load of bikes and gear, they decided to look into a cruising cat for an
Atlantic crossing and several years of Mediterranean sailing. Their
search led them to the St. Francis 50. (Michael earned extra points
when he stripped to his bathing suit and took a plunge into the cold
Chesapeake after we snagged a crab pot.)
a first inspection the Innises took a pass because Jeri didn't like the
galley-down layout. But when they couldn't find a galley-up layout,
they bought the boat anyway, and the plan has grown on them. "When we
have guests, they can be up in the saloon, and the dishes and mess are
down below and out of the way. We can relax and clean up later," Jeri
Seeing it as a long-distance cruiser, Ed Sherman was
enamored of every aspect of the boat, which recorded a top speed of
12.2 knots reaching during our sea trial. "We were in 30-knot winds,"
he said, "and the sailing was thoroughly enjoyable. I felt I'd be
comfortable on this boat in virtually any situation, that it could be
adjusted to deal with it. It had a nice motion through the sea.
"The finish was good; the welds were all ground out, then acid-dipped
and polished. The metal work was exquisite, better than any other boat
we've inspected. The systems were really good, and the glasswork had no
rough edges. Everything was faired nicely."
When Bill Lee,
poised at the helm to do the motoring test, asked for the cruising rpm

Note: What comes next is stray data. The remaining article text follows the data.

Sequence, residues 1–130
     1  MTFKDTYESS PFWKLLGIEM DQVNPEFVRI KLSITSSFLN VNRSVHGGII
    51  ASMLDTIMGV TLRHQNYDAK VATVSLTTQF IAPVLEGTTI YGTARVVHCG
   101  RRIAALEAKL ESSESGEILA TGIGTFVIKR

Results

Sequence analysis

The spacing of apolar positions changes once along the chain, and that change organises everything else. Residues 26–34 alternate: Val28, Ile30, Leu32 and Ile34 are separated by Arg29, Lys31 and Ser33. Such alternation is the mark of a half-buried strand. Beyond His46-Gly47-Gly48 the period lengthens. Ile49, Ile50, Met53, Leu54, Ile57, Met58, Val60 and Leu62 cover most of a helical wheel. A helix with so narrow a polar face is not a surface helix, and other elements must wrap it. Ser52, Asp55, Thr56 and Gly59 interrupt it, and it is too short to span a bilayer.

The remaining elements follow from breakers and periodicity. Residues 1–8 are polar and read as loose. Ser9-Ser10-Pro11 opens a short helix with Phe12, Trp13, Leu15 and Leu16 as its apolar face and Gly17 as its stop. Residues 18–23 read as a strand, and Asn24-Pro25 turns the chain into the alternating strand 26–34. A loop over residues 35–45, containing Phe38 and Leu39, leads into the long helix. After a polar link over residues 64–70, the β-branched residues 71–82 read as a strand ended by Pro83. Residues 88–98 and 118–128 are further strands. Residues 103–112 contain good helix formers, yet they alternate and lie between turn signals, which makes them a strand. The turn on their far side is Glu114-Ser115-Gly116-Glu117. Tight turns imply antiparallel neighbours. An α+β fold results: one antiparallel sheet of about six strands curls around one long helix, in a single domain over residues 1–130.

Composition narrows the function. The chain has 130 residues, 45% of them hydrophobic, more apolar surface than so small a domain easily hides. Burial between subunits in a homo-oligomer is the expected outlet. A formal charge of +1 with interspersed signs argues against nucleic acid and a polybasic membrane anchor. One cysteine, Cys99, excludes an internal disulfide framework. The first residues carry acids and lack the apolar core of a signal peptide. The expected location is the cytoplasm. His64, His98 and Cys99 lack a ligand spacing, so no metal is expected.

speed, he got a surprise. "The owners picked right up on it," he said.
"Their trick was to just use one engine. It cut the noise and fuel
consumption and still achieved 8.7 knots."
By the time the team moved on to the day's final boat, the Seguin 52 (see "Fairweather
and Foul," May 2005), it was really blowing the dogs off the chains.
But the S&S design shouldered through the breeze and chop with
aplomb. "We reefed her down and set up the runners, and it was
exquisite to drive," said Sherman. "The motion of the boat was just the
way it ought to be in the grand yachting style. Here we were, in 35
knots of wind, playing around, and we were walking up on deck like we
were on a ballfield. What a great upwind boat in a seaway."
Bill Lee concurred. "If you were going to sail from San Francisco to Seattle, this is the boat you'd want."
Lyman-Morse is one of the great contemporary builders, said the judges,
and they raved about the details, from the floorboard fasteners to the
remarkable custom woodworking to the pristine systems layouts. But they
also had criticisms.
"I'm not sure that they didn't try to do too much down below," said Lee.
"And I was a little disappointed in the noise levels belowdecks," said
Sherman. "The engine sits in the center of the saloon with a gigantic
cover over it that requires a big hydraulic ram to raise. You just
don't really expect noise like that at all on a yacht of this stature."
Giesemann wasn't enamored of the interior layout but admitted she'd
love to see a second Seguin with a different owner's take on the
accommodations; Lyman-Morse, after all, would give you practically
anything you wanted.
"Suzanne feels it's too dark, that it's a
guy's boat, but I'm a guy," said Sherman. "I can picture myself down
there with a brandy and a nice cigar having a hell of an afternoon."
Finally back at the dock and out of the weather, Peter Hogg summed up
the day's activities. "We had a little diversity today, which was a
very key issue. It comes down to sailing style, cruising style,
whatever you want to call it. But it all comes back to style. The
Kanter, to me, was boring. The other extreme was the Gunboat, which was
a pleasure to sail. So the criteria become difficult. But then you have
the little Hallberg-Rassy. It was a sweet sailer, pleasant. You were
happy to steer it. She was a little tender, but somehow it felt good.